HIPAA requires practices to designate a Privacy Officer.
HIPAA is the Health Insurance Portability and Accountability Act of 1996. HIPAA applies to your practice if you transmit or maintain protected health information (PHI).
If your practice is a covered entity, HIPAA applies to you. The Centers for Medicare & Medicaid Services has a free tool to help you figure out if your practice is a covered entity. Generally, dental and medical practices are covered entities and subject to HIPAA.
HIPAA is important because it protects your patients from being victims of identity fraud. It also protects your practice from the hefty HIPAA noncompliance fines.
To remain compliant, your practice needs a HIPAA Privacy Officer or Manager. This can be an internal employee, or your practice can outsource the job. Internally, you can assign this role to an existing employee, or hire a new one.
This blog post is the ultimate guide for your Privacy Officer.
What is the HIPAA Privacy Officer’s role?
As the HIPAA Privacy Officer, you are the focal pain point for privacy issues and compliance activities. However, the Privacy Officer’s responsibilities can vary depending on how large the practice is. In smaller practices, the Privacy Officer may wear more than one hat.
Here’s a description of the HIPAA Privacy’ Officer’s role:
- Monitor Federal and State privacy laws (for example, if you’re in Texas, know House Bill 300)
- Co-create privacy policies and procedures, and help implement them
- Communicate with the CEO, Counsel, Chief Compliance Officer, and IT Provider
- Account for PHI disclosure, manage recordkeeping procedures, and audit disclosures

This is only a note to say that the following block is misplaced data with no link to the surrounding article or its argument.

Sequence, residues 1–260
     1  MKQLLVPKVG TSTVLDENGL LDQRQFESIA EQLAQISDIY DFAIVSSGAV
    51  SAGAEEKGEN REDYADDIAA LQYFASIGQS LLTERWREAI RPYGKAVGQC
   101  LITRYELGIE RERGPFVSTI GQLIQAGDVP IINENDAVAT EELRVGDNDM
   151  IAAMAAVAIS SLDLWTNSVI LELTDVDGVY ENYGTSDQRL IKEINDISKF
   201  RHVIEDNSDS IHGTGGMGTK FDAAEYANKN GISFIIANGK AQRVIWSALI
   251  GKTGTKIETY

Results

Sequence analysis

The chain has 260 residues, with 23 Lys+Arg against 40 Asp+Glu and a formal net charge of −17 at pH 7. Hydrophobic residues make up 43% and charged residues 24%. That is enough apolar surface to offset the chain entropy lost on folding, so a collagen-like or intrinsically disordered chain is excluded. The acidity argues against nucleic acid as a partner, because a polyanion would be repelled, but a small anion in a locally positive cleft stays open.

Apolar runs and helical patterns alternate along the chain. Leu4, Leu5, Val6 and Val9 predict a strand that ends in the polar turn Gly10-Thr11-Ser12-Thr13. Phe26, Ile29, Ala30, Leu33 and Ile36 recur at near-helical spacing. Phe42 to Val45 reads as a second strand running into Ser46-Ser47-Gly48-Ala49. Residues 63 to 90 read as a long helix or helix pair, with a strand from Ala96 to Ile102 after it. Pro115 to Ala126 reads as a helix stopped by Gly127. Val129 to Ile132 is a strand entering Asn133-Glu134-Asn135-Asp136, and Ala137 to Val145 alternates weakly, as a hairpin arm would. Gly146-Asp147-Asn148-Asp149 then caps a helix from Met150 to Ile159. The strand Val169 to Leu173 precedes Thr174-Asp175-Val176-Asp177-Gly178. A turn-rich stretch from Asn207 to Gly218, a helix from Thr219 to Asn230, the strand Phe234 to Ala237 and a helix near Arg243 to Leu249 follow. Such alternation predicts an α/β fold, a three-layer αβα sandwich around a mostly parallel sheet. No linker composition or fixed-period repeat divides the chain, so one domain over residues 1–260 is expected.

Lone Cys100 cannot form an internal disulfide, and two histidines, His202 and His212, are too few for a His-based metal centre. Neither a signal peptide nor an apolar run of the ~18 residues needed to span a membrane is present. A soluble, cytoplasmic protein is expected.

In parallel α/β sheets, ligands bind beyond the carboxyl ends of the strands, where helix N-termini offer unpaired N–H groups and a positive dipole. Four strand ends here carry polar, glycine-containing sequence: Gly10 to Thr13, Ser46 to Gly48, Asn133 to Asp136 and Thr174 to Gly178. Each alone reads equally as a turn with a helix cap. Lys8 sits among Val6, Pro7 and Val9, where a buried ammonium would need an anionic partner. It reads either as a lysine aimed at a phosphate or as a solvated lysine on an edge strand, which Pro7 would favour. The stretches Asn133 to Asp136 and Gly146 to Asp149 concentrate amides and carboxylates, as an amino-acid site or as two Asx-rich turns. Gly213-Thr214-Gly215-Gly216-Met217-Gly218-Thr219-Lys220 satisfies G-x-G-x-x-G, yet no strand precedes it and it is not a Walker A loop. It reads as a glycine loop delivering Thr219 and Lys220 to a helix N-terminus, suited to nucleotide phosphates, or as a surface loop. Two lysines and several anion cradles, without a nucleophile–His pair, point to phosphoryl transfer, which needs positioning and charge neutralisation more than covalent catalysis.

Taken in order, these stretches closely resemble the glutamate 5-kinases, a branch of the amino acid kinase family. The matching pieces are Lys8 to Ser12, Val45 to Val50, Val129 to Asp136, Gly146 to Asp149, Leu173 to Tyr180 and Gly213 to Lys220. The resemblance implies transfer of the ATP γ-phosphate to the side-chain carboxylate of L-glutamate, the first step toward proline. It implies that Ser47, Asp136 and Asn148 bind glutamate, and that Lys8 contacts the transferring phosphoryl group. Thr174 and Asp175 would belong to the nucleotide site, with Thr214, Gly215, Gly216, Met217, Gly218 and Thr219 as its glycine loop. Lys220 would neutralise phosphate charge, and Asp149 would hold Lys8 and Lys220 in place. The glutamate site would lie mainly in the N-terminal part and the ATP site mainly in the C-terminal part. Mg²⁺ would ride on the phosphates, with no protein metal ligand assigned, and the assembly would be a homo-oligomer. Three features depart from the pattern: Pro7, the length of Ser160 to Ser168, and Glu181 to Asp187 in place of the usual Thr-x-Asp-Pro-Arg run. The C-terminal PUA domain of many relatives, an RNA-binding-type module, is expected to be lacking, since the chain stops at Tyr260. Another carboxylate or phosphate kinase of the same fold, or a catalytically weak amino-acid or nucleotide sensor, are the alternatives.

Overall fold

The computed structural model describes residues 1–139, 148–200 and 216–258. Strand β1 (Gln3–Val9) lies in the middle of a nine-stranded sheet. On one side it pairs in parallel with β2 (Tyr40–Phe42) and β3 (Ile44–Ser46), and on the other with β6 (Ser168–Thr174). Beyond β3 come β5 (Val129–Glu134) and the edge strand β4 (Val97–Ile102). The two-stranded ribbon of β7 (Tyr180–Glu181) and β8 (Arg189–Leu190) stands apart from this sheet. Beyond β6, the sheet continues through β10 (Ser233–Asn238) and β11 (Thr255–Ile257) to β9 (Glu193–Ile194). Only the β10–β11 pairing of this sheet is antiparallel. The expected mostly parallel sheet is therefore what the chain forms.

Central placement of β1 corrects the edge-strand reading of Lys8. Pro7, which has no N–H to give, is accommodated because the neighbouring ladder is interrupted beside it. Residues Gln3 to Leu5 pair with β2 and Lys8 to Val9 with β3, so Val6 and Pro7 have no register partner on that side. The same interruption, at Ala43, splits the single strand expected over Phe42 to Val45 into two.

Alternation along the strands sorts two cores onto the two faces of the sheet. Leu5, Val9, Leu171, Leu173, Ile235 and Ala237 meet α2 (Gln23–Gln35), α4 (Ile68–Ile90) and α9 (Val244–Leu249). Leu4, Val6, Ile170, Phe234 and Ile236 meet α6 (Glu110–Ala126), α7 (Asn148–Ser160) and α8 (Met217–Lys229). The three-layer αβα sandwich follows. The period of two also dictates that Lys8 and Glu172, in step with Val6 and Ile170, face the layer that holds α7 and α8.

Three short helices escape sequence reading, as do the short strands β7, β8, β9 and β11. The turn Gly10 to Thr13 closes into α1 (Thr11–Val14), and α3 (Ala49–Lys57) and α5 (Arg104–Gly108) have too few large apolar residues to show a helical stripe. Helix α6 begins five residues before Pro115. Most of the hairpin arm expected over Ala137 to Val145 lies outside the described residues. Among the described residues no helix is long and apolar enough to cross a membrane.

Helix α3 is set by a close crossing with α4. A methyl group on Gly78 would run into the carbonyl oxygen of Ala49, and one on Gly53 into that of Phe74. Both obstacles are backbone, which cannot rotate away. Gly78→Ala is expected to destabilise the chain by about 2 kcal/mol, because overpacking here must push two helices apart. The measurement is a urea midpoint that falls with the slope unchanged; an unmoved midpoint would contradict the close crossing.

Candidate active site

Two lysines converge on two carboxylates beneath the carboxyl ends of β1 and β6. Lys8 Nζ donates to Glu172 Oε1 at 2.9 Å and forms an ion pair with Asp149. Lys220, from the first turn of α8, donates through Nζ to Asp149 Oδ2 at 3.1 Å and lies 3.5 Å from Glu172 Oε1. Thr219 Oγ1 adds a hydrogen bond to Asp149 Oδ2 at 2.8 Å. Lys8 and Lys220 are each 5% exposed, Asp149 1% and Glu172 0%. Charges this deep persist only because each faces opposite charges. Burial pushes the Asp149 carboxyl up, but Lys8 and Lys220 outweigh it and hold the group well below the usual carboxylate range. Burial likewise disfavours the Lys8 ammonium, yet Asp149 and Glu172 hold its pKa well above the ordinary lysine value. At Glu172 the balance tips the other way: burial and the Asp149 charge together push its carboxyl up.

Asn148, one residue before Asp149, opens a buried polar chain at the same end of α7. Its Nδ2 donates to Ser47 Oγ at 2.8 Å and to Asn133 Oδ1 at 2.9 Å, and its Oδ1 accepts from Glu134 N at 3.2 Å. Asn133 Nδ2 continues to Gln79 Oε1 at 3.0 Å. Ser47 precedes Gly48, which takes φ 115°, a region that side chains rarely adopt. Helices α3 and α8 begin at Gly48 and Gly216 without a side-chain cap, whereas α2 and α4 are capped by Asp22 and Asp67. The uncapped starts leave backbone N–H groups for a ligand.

- Deal with health oversight committees, coroners, medical examiners, and government data collectors
- Assist with disclosure of PHI, requests from financial institutions, judicial proceedings, and researcher requests
- Ensure proper HIPAA documentation—all records should be kept for 6 years (including Employee Privacy Policies and Business Associate Agreements)
What’s the difference between the HIPAA Privacy Officer vs. the HIPAA Security Officer?
There is a difference between the roles of the Privacy Officer versus the Security Officer. However, the positions are similar, and in smaller practices, the two roles can be combined. Both of these positions need to be well-educated in HIPAA.
Here’s an easy way to think of the difference: the Privacy Officer is more focused on people, while the Security Officer protects PHI. Another way to think about it: the Privacy Officer ensures compliance with the HIPAA Privacy Rule, while the Security Officer implements the HIPAA Security Rule safeguards.
The Security Officer is responsible for developing security policies, implementing procedures, conducting employee HIPAA training, and monitoring compliance. This role also involves creating a Disaster Recovery Plan. The Security Officer implements mechanisms for preventing unauthorized PHI usage, and ensures secure ePHI transmission and storage. This job requires technical skills, or at least the Security Officer will have to find outside technical help.